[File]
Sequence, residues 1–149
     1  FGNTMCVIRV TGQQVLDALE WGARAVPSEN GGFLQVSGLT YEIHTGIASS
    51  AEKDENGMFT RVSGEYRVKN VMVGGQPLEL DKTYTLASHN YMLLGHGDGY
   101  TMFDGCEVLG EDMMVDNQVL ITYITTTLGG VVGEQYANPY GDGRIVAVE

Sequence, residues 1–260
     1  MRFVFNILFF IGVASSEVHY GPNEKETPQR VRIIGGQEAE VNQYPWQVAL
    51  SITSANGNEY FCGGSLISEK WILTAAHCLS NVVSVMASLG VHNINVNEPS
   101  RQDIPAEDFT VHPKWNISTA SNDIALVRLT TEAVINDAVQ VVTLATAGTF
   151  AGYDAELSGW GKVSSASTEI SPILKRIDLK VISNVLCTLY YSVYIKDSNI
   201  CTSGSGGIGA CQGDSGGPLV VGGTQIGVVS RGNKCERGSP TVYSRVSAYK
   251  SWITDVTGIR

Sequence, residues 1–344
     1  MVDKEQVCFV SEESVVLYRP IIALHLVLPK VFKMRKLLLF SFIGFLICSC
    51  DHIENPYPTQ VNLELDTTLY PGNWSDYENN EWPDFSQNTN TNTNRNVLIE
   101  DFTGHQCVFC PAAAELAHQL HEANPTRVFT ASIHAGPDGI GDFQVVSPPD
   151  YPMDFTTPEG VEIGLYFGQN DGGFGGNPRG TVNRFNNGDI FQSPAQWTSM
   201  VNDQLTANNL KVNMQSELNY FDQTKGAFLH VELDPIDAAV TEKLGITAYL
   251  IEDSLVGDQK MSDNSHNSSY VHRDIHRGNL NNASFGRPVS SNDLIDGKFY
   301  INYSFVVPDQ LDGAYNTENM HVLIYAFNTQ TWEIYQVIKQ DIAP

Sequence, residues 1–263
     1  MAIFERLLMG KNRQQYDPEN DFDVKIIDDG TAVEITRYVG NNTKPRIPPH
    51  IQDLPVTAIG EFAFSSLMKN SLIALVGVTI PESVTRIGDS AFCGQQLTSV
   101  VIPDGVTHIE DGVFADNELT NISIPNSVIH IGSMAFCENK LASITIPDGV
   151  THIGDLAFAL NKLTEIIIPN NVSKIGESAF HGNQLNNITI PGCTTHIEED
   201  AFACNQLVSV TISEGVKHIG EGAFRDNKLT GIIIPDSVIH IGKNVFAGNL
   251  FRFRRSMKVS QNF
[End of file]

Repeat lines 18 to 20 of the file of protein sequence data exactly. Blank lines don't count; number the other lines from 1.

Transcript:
   251  IEDSLVGDQK MSDNSHNSSY VHRDIHRGNL NNASFGRPVS SNDLIDGKFY
   301  INYSFVVPDQ LDGAYNTENM HVLIYAFNTQ TWEIYQVIKQ DIAP

Sequence, residues 1–263